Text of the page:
It was in April of 2015 that AT&T had decided to take legal action against the Federal Communications Commission (FCC) in order to challenge the agency’s implementation of new net neutrality rules that were just recently published in the Federal Register at that time. Fast forwarding a couple of years and the second biggest wireless carrier in the United States is now joining a huge movement protesting the rollback of those same net neutrality rules.
In the world of mobile, things do change fast. Two years after AT&T had tried to sue the FCC in federal court to ditch the new net neutrality rules, it is now uniting with 70,000 other online companies, advocacy organizations, and individuals in telling President Donald Trump’s administration to let the rules be. This massive protest is also joined by other globally recognized tech companies such as Facebook, Amazon, Twitter, and Mozilla.
For those not familiar with the protest, it is being dubbed as the Day of Action, and it was basically organized after current chairman of the FCC, Ajit Pai (appointed when President Trump took office back in January early this year), announced plans to reverse the implementation of the net neutrality rules. These regulations were passed in 2015 by a Democrat led FCC (then chaired by Tom Wheeler), for the purpose of hindering broadband service providers from favoring their own content over their rivals’ offerings. According to the rules, no provider is allowed to slow down or block a competitor’s traffic, or charge a fee to have an offering delivered faster.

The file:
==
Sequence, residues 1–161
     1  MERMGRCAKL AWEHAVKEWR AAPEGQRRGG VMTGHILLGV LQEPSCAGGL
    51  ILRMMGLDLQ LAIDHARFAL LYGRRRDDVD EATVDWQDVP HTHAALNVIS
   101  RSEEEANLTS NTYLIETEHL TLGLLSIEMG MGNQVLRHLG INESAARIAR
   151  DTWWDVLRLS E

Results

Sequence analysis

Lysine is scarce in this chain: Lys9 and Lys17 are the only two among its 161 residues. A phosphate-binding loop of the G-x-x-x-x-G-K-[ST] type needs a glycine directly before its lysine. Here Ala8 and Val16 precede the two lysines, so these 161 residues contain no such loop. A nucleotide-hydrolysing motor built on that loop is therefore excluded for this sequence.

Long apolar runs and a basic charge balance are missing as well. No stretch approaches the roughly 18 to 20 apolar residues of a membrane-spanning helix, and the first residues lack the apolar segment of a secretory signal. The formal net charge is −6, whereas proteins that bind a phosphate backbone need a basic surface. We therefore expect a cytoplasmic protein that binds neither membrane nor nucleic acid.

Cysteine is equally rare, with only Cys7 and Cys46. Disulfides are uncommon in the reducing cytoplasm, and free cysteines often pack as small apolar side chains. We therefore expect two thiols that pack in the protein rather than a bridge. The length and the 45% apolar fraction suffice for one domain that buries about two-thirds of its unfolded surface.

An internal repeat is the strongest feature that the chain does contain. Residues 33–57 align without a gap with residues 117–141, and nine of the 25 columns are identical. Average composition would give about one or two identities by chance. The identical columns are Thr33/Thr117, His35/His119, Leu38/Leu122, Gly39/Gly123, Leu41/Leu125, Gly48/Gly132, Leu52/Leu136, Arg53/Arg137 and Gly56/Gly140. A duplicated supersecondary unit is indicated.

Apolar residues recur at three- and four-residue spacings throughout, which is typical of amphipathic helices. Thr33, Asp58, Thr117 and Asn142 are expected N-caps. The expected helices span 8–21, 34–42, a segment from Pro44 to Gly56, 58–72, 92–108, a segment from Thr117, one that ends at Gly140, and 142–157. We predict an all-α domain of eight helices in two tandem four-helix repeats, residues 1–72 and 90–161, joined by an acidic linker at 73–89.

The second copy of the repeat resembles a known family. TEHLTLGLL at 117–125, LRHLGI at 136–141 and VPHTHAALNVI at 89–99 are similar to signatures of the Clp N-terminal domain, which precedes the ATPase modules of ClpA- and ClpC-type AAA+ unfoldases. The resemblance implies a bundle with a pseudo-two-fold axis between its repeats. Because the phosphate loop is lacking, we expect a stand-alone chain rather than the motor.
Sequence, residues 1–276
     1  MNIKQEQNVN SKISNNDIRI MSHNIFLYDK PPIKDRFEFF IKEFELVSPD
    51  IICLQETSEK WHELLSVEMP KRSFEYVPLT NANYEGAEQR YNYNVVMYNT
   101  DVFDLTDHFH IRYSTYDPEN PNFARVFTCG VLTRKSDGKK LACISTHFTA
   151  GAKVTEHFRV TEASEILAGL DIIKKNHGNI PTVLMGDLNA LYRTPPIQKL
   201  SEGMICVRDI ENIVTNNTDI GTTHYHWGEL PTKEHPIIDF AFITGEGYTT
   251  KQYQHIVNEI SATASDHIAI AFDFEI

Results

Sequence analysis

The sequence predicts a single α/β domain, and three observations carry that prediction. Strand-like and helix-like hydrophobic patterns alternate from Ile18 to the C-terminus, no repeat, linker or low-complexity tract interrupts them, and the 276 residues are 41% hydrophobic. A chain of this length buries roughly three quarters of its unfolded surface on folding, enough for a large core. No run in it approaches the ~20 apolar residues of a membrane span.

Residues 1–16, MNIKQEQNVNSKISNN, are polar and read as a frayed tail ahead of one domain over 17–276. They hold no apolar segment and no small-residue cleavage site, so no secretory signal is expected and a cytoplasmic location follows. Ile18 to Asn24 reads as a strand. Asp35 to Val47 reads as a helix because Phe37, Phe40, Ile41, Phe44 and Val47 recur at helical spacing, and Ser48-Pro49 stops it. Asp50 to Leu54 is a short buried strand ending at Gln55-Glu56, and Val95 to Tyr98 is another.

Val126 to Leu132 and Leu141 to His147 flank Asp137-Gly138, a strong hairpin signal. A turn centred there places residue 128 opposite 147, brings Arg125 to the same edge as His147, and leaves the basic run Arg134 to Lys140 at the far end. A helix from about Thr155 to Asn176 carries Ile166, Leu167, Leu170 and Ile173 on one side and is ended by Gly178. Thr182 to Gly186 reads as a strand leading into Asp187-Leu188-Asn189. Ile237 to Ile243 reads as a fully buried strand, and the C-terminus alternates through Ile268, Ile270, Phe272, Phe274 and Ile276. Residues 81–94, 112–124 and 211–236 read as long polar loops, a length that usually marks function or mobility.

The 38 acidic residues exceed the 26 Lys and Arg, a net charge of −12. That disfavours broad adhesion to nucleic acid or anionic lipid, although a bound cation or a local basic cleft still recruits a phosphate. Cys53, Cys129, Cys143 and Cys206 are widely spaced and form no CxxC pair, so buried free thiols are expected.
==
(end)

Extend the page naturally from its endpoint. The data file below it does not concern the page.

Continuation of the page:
When the rules were passed in 2015, it treated broadband services as a public utility. Naturally, broadband providers and mobile operators opposed the ruling, including AT&T, who claimed that by changing the classification, broadband is now under an outdated law that will prevent companies from fostering innovation and investment in this particular field.
So why is AT&T protesting the rollback of something it was supposed to be opposed to? In a recent blog post, Bob Quinn, the senior vice president of AT&T, explained that the carrier was joining the protest because it agrees that there should be fairness in the use of the information superhighway. He further added that the case it filed against the FCC was for contesting the legal basis of the 2015 ruling, which revolved around an 80 year old law that may no longer fully apply in the digital age.
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